Driving tired potentially as risky as driving drunk: Highway Safety Roundtable

PEMBROKE, ON, May 10, 2006 – If you are over-tired, you are impaired. Please don’t drive. That’s the message from the Highway Safety Roundtable as it launches Canada’s first national Fatigue Impairment Awareness Day and its new Web site, www.fatigueimpairment.ca.

The purpose of the launch, taking place at the Pembroke Mall this morning, is to raise awareness about the dangers of driving while fatigued, and to provide information and resources to help prevent deaths and injuries caused by fatigue impairment. In addition to the Web site, a series of public service announcements will be available at no charge to radio stations across the country to help educate Canadians about the dangers of drowsy driving.

“We’ve all driven when feeling tired or sleepy, but the fact is that drowsy drivers put themselves and other road users at risk,” says Mark Yakabuski, representing Canada’s home, car and business insurers on the Roundtable. “Just like alcohol, fatigue affects our ability to drive by slowing reaction time, decreasing awareness and impairing judgment. Too many Canadians think that just because they haven’t been drinking, they are OK to drive. But if you are over-tired, it can be just like being drunk behind the wheel.”

The potential dangers associated with falling asleep behind the wheel seem obvious. Yet, many who would never drink and drive think nothing of hitting the road when they’re exhausted. An alarming 20% of Canadians admit to falling asleep at the wheel at least once over the last year.(1)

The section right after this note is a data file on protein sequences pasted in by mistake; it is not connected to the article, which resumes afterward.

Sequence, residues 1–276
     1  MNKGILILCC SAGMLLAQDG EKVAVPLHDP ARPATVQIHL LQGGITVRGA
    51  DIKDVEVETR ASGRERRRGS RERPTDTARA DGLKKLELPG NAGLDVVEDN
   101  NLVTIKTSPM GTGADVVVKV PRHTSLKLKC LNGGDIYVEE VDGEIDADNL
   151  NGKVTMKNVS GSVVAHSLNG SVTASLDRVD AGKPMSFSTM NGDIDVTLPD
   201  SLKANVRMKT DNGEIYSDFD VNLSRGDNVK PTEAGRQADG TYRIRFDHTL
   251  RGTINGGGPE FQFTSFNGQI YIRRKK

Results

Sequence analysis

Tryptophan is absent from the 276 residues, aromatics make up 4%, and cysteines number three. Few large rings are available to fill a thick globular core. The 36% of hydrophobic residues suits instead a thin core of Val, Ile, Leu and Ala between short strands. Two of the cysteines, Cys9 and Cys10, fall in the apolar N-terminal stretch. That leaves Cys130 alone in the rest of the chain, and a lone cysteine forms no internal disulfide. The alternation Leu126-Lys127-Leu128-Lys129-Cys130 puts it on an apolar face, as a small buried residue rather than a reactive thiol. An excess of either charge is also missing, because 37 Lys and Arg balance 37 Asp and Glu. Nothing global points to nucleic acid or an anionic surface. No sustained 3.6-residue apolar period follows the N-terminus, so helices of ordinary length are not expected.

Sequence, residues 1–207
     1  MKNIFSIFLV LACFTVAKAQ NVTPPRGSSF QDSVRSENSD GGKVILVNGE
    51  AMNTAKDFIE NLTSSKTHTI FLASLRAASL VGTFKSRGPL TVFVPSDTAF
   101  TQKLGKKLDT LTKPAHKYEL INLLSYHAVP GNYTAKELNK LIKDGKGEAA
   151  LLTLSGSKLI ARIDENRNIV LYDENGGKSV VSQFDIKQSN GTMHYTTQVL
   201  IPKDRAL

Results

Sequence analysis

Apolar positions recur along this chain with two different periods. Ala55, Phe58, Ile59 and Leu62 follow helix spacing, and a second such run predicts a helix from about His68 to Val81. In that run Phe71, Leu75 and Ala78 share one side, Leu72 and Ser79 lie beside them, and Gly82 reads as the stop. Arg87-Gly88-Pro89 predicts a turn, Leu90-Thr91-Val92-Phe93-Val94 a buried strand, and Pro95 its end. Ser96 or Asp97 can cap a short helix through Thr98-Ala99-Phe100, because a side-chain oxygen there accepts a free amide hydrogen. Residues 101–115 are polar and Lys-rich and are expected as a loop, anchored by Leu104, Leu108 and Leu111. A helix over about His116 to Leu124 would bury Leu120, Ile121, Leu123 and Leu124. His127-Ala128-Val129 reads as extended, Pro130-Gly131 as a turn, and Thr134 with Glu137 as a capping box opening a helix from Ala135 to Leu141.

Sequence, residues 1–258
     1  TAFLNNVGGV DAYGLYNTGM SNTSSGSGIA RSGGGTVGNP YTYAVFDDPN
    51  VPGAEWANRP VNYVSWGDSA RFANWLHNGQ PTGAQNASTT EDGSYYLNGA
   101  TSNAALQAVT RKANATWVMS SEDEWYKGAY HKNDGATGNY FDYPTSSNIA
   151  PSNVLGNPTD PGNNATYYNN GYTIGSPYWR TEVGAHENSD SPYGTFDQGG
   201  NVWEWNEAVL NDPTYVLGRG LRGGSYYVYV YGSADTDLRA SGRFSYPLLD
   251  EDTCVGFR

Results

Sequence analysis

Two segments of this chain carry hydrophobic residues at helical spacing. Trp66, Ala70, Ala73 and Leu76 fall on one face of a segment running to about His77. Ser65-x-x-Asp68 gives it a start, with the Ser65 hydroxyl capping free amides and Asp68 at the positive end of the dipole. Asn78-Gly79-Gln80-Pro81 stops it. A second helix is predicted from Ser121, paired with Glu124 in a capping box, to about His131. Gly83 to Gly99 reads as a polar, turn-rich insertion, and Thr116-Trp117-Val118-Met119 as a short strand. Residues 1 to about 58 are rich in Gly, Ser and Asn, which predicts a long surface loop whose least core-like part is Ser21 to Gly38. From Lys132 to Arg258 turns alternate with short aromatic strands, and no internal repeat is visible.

Studies also suggest fatigue is a factor in about 15% of motor vehicle collisions, resulting in approximately 400 deaths and 2,100 serious injuries every year.(2)

Fatigue can be caused by too few hours of sleep, interrupted or fragmented sleep, or chronic sleep debt (lost hours of sleep that accumulate over time). Other factors contributing to driver fatigue include the amount of time spent on the road, time of day, undiagnosed sleep disorders, and the use of medications or alcohol.

Tell-tale signs that you may be too tired to drive include loss of concentration, drowsiness, yawning, slow reactions, sore or tired eyes, boredom, feeling irritable and restless, missing road signs, difficulty in staying in the right lane, and nodding off. Shift workers and teenagers are especially susceptible. Drivers experiencing these symptoms are encouraged to pull safely over to the side of the road and stop for a nap.

Yakabuski admits that there is no simple solution to the problem of driver fatigue, but stresses the benefits of education and urges Canadians to visit the new Web site. He points out that someone who has not slept for 18 hours is as impaired as someone with a .05 blood alcohol level (for which, in most provinces, police can take away your driver’s license for 12 to 24 hours). Police cannot lay charges for fatigue impairment, but that is no reason to put your safety at risk, he adds.

To date, there are few programs in Canada to counter drowsy driving. In contrast, the United Kingdom and Australia have been running public service announcements and educational programs since 1999. The Highway Safety Roundtable would like to see Canadian jurisdictions take a more proactive role.

The Highway Safety Roundtable is composed of the Brewers of Canada, Canada Safety Council, Canadian Association of Chiefs of Police, Canadian Automobile Association, Canada’s home, car and business insurers, Railway Association of Canada, and Tourism Industry Association of Canada.

(1) Traffic Injury Research Foundation (2005)
(2) Transport Canada Collision (2004 data), CCMTA Strategy 2004